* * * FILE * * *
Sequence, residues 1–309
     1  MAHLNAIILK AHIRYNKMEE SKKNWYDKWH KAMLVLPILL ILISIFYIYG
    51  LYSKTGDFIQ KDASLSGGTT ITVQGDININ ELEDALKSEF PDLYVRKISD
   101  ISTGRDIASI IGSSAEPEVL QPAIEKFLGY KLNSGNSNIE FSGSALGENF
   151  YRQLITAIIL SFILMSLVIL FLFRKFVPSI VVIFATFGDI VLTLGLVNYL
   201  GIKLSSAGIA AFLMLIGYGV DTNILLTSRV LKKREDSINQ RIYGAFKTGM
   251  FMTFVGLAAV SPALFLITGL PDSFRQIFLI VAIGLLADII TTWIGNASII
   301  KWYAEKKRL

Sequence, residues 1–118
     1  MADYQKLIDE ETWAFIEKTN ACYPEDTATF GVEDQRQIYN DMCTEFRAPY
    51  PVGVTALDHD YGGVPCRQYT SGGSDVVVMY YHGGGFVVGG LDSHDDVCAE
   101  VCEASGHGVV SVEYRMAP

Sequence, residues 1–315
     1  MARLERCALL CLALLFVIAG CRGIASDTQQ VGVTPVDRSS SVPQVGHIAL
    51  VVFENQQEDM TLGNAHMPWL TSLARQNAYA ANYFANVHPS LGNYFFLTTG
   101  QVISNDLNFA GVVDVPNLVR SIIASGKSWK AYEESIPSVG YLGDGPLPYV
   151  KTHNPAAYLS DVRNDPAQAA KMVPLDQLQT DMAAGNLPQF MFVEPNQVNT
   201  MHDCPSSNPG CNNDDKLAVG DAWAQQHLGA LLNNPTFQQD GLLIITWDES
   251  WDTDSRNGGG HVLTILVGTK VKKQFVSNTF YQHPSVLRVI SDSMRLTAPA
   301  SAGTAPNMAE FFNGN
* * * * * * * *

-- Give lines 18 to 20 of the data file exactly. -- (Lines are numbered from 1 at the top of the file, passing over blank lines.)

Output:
   201  MHDCPSSNPG CNNDDKLAVG DAWAQQHLGA LLNNPTFQQD GLLIITWDES
   251  WDTDSRNGGG HVLTILVGTK VKKQFVSNTF YQHPSVLRVI SDSMRLTAPA
   301  SAGTAPNMAE FFNGN